or, Group Theory on the Puzzle Page
Last week, I visited my dad, who still gets the newspaper.
(For my younger readers: that’s a stack of cheap paper printed with a detailed description of yesterday.)
Anyway, for an ungrateful millennial like me, a print newspaper means one thing: puzzles.
You already know the rules: nine rows, nine columns, and nine medium squares, each containing the digits 1 through 9. You’re given some; you fill in the rest. It looks something like this (by which I mean, “here’s an example lifted from the Wikipedia page”):
Now, I’m not much of a Sudoku player. (Crossword guy, to be honest.) But glancing at the puzzle, my dad and I got to wondering: How do they generate these puzzles?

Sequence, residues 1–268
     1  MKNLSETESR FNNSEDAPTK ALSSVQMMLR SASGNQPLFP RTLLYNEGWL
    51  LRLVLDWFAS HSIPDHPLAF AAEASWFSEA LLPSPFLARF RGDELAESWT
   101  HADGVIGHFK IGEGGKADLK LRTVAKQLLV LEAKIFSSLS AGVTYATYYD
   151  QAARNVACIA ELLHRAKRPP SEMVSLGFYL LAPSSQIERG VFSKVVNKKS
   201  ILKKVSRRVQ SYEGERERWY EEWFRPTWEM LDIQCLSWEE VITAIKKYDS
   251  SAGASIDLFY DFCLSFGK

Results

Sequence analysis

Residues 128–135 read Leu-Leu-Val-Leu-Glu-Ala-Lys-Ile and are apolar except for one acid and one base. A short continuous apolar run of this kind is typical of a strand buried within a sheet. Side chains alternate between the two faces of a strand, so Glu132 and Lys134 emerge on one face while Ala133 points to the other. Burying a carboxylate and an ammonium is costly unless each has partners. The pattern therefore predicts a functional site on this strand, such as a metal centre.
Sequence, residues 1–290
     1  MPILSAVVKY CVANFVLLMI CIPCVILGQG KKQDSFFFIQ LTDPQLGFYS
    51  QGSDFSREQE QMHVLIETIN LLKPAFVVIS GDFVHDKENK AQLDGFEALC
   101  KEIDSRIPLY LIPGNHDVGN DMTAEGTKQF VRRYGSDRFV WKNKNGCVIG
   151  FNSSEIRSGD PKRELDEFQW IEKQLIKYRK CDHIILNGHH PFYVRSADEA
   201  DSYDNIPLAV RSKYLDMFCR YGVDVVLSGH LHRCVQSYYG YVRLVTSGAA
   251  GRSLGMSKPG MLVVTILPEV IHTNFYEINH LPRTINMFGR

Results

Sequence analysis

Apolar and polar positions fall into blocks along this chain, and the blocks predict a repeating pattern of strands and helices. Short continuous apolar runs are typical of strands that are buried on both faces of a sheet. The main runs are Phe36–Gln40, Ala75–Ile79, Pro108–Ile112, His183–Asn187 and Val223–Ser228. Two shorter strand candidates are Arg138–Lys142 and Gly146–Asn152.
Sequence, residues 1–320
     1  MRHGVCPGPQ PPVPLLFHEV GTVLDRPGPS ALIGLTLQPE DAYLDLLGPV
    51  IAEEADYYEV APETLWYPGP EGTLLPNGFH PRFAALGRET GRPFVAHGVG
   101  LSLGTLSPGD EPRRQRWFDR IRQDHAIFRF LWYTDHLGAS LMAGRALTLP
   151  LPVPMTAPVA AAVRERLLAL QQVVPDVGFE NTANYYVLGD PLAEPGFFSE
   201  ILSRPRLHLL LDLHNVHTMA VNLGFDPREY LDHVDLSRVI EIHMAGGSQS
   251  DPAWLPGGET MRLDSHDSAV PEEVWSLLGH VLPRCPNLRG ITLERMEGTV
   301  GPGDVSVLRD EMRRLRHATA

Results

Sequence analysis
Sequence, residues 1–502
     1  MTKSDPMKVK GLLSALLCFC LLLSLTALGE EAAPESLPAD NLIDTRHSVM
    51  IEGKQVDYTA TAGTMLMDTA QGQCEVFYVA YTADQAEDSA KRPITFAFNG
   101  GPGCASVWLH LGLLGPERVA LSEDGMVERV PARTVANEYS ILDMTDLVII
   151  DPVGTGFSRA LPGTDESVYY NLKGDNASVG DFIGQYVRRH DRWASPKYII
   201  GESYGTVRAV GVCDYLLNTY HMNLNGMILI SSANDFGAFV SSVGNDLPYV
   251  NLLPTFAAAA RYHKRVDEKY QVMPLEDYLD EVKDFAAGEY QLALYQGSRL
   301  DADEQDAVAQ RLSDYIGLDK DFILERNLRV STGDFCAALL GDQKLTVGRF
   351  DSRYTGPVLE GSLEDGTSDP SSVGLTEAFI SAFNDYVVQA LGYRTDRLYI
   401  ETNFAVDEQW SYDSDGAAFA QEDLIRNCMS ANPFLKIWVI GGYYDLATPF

We weren’t sure.
So we found a more tractable question: What if you were a lazy Sudoku maker?
That is, suppose you managed to generate a single Sudoku puzzle. (Or steal it from the Wikipedia page.) And suppose you wanted to make a few bucks selling collections of puzzles in airport bookshops. But there’s a catch: You’re not sure how to make more.
How many “different” puzzles can you get from a single Sudoku?